Top 5 Medications That Worsen Dementia

In keeping it real today, I wanted to share my top 5 medications that worsen dementia. This list is totally anecdotal based upon my experience and the frequency with which I see these medications used in clinical practice. Without further ado, here are my top 5 medications that worsen dementia!

Medications That Worsen Dementia – Top 5


Diphenhydramine (Benadryl) is the most common medication I see used. The primary reason for this is that it is highly promoted as a sleep aid and is available over the counter. Geriatric patients can have a lot of problems with insomnia, and this is a favorite go-to medication for our patients. It is a big problem due to its highly anticholinergic activity.

Urinary Anticholinergics

Oxybutynin and tolterodine are the two most commonly used urinary anticholinergics that I see in my practice. These agents can be helpful in reducing frequent urination and symptoms of urgency but can interfere with memory and cognition. If a urinary anticholinergic is indicated and the patient can afford it, it may be advisable to consider trospium which has a much lower likelihood of penetrating the central nervous system and contributing to confusion.

Tricyclic Antidepressants

Both amitriptyline and nortriptyline are the two most commonly used TCA’s and can be used for various purposes. The most common situations I see these agents used for are patients with pain, insomnia, and mental health disorders. They are far from a first-line agent in the treatment of depression. In addition, I can’t ever see myself recommending that amitriptyline or nortriptyline for insomnia alone. This is especially true in our geriatric patients.


Cyclobenzaprine is primarily used for its muscle relaxant properties. Much like many of the other medications I’ve mentioned above, it has a good deal of anticholinergic activity. In addition, it is found in the Beers Criteria.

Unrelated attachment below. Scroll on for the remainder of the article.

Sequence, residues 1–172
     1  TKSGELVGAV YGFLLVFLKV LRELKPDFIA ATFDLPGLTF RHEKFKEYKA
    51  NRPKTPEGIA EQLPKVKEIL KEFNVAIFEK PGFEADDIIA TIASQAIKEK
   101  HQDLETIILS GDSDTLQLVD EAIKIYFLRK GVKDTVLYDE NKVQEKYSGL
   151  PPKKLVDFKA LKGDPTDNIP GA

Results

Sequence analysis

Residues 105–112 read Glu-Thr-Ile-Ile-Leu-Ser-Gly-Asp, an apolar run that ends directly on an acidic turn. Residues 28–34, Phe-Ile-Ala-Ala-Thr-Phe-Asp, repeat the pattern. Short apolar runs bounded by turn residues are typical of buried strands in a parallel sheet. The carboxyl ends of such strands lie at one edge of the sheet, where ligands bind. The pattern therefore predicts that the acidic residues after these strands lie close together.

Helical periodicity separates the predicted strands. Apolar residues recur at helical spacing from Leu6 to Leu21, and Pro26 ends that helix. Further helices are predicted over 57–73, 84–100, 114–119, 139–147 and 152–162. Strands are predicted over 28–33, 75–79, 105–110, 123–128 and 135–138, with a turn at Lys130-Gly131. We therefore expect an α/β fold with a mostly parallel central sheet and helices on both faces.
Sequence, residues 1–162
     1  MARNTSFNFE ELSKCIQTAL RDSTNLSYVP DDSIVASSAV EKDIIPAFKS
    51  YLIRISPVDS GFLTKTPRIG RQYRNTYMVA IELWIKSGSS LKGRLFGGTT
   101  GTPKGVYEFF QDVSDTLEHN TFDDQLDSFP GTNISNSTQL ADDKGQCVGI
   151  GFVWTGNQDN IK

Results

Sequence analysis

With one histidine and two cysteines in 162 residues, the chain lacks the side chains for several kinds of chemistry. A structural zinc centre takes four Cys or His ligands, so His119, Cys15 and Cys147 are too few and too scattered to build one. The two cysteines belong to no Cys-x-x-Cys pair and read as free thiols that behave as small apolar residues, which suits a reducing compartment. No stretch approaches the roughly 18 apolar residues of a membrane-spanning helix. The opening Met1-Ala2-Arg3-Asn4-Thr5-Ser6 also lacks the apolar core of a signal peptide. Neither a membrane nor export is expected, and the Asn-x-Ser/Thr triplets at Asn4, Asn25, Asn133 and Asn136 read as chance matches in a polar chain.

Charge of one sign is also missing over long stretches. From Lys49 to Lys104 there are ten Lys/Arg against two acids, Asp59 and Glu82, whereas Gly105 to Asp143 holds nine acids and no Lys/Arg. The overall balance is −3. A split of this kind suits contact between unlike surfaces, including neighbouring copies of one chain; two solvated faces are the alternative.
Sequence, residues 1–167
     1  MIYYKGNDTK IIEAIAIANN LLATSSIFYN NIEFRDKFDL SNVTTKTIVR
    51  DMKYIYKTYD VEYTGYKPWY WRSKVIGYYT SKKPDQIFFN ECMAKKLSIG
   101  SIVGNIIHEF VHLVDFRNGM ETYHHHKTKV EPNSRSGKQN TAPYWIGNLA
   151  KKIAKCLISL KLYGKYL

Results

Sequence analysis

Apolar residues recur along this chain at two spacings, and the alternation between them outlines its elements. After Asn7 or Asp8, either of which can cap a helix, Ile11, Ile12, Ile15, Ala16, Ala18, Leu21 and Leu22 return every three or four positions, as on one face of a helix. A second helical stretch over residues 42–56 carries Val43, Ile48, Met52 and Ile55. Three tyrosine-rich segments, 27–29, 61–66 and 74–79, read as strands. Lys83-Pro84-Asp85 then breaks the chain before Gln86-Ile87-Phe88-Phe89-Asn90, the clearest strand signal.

Antipsychotics have varying degrees of anticholinergic adverse effects. Clozapine, quetiapine, and olanzapine are generally considered more anticholinergic than many of the other atypical antipsychotics and because of this, I will put them in the list of medications that worsen dementia.

Here’s another post on dementia that you might find useful! What else would you add to this list?

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    I would also like to add Topiramate used alone or in combination for epilepsy and also indicated for migraine prophylaxis. I recall several patients placed on this medication and expressed concern with memory problems or “not being able to think right”. Not sure about the other antiepileptic medications but I have definitely seen memory problems with topiramate. Has any others come across this adverse reaction with topiramate?

    • Eric Christianson

      Good one Kirk! Thanks for sharing!


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Written By Eric Christianson

December 1, 2019

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